Author: Joan Cadden

Publisher: University of Pennsylvania Press

ISBN: 0812245377

Category: History

Page: 327

View: 8276

In medieval Europe, where theologians saw sin, some natural philosophers saw a phenomenon in need of explanation. They believed some men were born with homosexual inclinations and others acquired them as habits based on early pleasurable experiences.
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The Monster That Is History

History, Violence, and Fictional Writing in Twentieth-Century China

Author: Dewei Wang

Publisher: Univ of California Press

ISBN: 0520238737

Category: History

Page: 402

View: 4462

"Moving effortlessly across the entire twentieth-century literary landscape, David Der-wei Wang delineates the many meanings of Chinese violence and its literary manifestations. Taking into account the campaigns of violence and brutality that have rocked generations of Chinese - often in the name of enlightenment, rationality, and utopian plenitude - this book places its arguments at the intersection of two related areas: history and representation, modernity and monstrosity."--back cover.
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Wonders and the Order of Nature, 1150-1750

Author: Lorraine Daston,Katharine Park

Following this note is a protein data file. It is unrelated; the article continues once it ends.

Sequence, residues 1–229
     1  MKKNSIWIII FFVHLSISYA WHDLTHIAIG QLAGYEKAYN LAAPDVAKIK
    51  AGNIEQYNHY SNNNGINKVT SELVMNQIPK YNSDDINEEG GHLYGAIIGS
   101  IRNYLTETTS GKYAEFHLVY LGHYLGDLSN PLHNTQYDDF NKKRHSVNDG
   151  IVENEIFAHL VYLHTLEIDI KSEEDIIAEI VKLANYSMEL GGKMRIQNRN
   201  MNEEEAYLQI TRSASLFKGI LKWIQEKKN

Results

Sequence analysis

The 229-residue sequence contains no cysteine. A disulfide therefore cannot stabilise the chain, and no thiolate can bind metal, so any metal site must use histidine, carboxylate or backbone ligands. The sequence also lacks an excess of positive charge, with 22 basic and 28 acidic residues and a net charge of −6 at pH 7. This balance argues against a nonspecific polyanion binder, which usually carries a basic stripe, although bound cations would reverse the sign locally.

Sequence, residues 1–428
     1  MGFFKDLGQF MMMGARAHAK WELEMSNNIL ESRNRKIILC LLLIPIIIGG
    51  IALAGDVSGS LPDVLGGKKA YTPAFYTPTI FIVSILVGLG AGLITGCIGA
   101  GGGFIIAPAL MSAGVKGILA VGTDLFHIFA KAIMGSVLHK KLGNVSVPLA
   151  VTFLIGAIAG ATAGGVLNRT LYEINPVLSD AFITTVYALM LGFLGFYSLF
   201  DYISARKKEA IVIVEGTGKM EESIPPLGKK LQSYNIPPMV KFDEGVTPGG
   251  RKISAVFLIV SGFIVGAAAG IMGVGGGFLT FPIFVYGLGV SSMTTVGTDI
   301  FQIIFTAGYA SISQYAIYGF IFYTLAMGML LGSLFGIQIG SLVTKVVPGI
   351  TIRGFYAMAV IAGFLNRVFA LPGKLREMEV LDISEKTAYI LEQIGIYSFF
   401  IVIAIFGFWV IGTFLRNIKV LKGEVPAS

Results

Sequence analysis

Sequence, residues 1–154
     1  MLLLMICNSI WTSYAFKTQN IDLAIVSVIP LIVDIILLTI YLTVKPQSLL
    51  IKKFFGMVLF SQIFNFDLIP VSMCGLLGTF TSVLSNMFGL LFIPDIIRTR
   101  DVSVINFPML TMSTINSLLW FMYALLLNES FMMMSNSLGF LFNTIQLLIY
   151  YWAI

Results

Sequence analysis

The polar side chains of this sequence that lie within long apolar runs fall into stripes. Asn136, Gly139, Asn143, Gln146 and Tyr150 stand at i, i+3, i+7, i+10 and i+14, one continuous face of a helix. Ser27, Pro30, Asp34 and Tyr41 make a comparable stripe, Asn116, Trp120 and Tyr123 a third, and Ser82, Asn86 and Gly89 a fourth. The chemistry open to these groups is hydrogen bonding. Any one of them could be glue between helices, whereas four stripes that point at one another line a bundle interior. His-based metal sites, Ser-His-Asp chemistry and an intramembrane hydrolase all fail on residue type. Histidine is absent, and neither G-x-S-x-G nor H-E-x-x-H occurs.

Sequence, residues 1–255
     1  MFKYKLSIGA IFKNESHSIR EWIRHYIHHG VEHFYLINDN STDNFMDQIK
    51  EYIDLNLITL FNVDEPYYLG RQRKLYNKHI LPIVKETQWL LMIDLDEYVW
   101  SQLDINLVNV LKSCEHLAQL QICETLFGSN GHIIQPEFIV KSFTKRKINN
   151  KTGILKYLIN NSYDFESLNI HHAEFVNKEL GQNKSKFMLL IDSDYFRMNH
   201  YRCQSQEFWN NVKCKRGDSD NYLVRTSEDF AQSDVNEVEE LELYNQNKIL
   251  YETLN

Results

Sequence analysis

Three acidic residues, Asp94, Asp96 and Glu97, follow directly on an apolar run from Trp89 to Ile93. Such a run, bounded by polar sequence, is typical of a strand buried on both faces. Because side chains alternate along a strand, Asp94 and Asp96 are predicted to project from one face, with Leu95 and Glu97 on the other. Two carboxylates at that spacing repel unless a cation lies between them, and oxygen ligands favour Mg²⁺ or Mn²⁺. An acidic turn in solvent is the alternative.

Publisher: Mit Press

ISBN: N.A

Category: Science

Page: 511

View: 1011

The authors explore the ways in which European naturalists, from the Middle Ages to the Enlightenment, used oddities and marvels to envision and explain the world.
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Frankenstein's Science

Experimentation and Discovery in Romantic Culture, 1780-1830

Author: Christa Knellwolf King,Jane R. Goodall

Publisher: Ashgate Publishing, Ltd.

ISBN: 9780754654476

Category: Literary Criticism

Page: 225

View: 7186

Frankenstein's Science contextualizes this widely taught novel in contemporary scientific and literary debates, providing new historical scholarship into areas of science and pseudo-science that generated fierce controversy in Mary Shelley's time: anatomy
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Nature Girl

Author: Jane Kelley

Publisher: Random House Books for Young Readers

ISBN: 9780375893261

Category: Juvenile Fiction

Page: 256

View: 3236

Eleven-year-old Megan is stuck in the wilds of Vermont for the summer with no TV, no Internet, no cell phone, and worst of all, no best friend. So when Megan gets lost on the Appalachian Trail with only her little dog, Arp, for company, she decides she might as well hike all the way to Massachusetts where her best friend, Lucy, is spending her summer. Life on the trail isn’t easy, and Megan faces everything from wild animals and raging rivers to tofu jerky and life without bathrooms. Most of all, though, Megan gets to know herself—both who she’s been in the past and who she wants to be in the future—and the journey goes from a spur-of-the-moment lark to a quest to prove herself to Lucy, her family, and the world! “First-time novelist Jane Kelley uses the light touch of humor to let in the sunlight. Bravo!”—Sid Fleischman, Newbery Award–winning author From the Hardcover edition.
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Abnormal

Lectures at the Collège de France, 1974-1975

Author: Michel Foucault

Publisher: Picador

ISBN: 1429974052

Category: Philosophy

Page: 368

View: 1649